One of the things I value most about Design*Droits-Humains is the focus on real people and their homes. It’s easy to see a beautiful picture of a house and make assumptions about the family’s budget, values, luck, etc. but sharing the personal stories and journey make room for creative inspiration. It changes the elements of a house from aspirational to approachable. Design*Droits-Humains taught me early on that a home and budget are what we make them and that waiting to win the lottery before we can love our homes’ interiors isn’t the only way.
Something to love about this age of blogs, YouTube tutorials, and library books delivered to any device is that there’s always information to find to support the resourceful creative. If the desire is there to reupholster a couch found on the side of the road with discounted upholstery fabric, a rented staple gun, a sewing machine and a 20 year old instructional book, it can be done (first hand experience right here). It’s true that most everything will cost something but money isn’t the only thing to spend. The final product can be beautiful, impressive and cost effective at the same time. That nagging voice on Instagram and design blogs to have the newest, best, prettiest pieces can be quieted when our values shift from getting the lifestyle we’d like to making the lifestyle we’d like. Being resourceful isn’t always glamorous, but it does create independence from the need of approval and staying on-trend.
Images Above: (Top) Mallory and David’s home is no stranger to refinished Craigslist finds. The living room sectional frame is a Danish Modern piece that they found secondhand and had cushions made to fit them. (Bottom) It was tricky for Jane to find floor tiles for her new dining room extension that matched the original kitchen tiles. After searching all around the UK, she found the matching reclaimed tiles. They were covered in concrete so the process was tedious but worth it to see the cohesive, original flooring in place.
A few months ago my husband, Austin, and I were talking about our round coffee table. It was a Craigslist find and it had been in decent condition. After 2 years of owning it, Austin was interested in trying to coat the top with concrete. After some research, supplies and an open evening, we got to work. The next morning it was evident this was not going to be a long-lasting application. The sides of the concrete were already cracking. We chipped it off and started back at square one, this time with the coffee table looking a little traumatized from the project. This last week I mentioned to him that it was maybe time to invest in a new coffee table. We had tried and failed–time to move on. Austin’s mind went into problem-solving mode. The base of our coffee table is solid wood, modern and very pretty. We made a trip to the Habitat for Humanity Restore and found a 2- x 3-foot piece of stone countertop finished on all sides. Austin cut the top of our coffee table off with a hack saw, added adhesive pads and set the new surface on top of the base. The concrete was messy, somewhat pricey and just didn’t work the way we expected. This second idea was almost mess-free other than some sawdust, easy and took about 5 minutes total. It makes our living room look cleaner, more welcoming and more pulled together. I was so grateful for that first “mistake” and the five minutes it took to come up with an even better solution that cost a fraction of the price of a new stone top coffee table.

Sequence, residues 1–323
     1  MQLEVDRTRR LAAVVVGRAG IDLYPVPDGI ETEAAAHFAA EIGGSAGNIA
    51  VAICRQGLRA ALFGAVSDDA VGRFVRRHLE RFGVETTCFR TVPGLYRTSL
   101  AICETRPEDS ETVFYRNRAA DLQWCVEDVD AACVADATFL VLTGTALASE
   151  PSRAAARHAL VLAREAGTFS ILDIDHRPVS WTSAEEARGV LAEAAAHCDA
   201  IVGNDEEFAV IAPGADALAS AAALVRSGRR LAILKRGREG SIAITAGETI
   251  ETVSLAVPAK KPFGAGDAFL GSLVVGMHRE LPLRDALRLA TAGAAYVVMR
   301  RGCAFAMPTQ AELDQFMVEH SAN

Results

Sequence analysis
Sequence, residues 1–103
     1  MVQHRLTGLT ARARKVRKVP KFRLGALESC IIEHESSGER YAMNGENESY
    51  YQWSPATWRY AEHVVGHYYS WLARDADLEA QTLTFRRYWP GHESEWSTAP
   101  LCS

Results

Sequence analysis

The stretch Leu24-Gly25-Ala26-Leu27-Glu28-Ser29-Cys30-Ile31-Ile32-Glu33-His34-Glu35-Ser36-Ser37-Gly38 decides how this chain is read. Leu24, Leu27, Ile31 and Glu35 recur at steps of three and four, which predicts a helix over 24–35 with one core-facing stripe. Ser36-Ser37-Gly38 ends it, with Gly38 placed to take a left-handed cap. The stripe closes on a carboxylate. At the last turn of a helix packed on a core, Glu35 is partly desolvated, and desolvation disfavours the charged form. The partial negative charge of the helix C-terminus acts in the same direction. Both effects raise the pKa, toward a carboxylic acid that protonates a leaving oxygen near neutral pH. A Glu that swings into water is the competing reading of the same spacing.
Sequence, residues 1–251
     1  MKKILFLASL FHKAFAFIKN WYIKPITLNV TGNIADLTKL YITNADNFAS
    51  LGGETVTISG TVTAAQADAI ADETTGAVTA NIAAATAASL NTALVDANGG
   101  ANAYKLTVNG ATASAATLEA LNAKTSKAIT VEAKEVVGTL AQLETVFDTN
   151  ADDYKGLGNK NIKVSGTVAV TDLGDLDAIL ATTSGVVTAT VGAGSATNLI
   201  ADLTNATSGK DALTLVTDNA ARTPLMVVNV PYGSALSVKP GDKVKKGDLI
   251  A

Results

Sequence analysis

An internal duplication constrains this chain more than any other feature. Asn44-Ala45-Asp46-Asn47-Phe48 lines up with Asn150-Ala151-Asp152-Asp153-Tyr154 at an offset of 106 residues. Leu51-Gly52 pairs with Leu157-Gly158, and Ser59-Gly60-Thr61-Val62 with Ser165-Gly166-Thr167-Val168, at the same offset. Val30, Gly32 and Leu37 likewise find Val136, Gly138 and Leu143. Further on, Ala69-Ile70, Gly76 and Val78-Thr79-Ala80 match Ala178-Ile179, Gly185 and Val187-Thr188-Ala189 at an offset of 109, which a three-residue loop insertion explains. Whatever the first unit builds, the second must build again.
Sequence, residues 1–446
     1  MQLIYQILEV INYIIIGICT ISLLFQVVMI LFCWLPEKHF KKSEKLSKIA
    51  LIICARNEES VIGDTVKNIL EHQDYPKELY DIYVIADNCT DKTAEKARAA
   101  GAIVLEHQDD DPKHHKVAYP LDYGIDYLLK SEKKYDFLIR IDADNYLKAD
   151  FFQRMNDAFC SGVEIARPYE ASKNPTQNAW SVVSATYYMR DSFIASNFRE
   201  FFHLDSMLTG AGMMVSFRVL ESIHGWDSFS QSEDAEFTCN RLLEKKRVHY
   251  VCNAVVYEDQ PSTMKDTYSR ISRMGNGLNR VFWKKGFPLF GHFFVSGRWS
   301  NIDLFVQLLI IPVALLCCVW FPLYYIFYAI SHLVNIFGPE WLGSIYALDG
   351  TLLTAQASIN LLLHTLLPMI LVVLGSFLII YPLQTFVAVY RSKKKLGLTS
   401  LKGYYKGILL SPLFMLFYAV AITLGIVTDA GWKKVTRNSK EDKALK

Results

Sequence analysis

Creative resourcefulness is a skill worth cultivating for any budget, design style and lifestyle. It doesn’t have to look like DIYing or thrifting everything. It can mean rearranging the layout is the way to go or that a side hustle’s profits are saved for those pricey pieces. Even editing things out can make an incredible impact on the existing furniture and arrangement in a home. Home is what we make it. Instead of waiting for it to come together, we can work towards the potential we see in small ways and big ways. –Lauren
Image Above: Vicki and Travis Taylor found this amazing marble tabletop on Craigslist. They enlisted Vicki’s brother to create a modern coffee table base for this piece.
Here are a few things to remember when staying savvy and resourceful at home:
- Done is Better than Perfect: Finding inspiration online is good and bad. It’s good because it encourages us to expand our view on what our home could be, but it can be bad if we become discontent until our home meets our new standard of perfection. Whether cleaning or decorating, focus on the next thing that will make the biggest impact visually. If that’s the only thing that gets done, it’s still a big improvement and gives a sense of fulfillment.
- Your Point of View is Yours: Interior Design can feel like a giant contest of who stays in front of trends better than others. If people are moving away from a style that you’re still loving, own it. Stop feeling the need to justify choices and designs that work in your home.
- Embrace the Creative Practice and Process: Working on something, anything, can spark ideas for other creative pursuits. When we use our brains in a way out of the ordinary, it expands our thinking in other areas. Who knows what problems you’ll solve by working on something completely unrelated.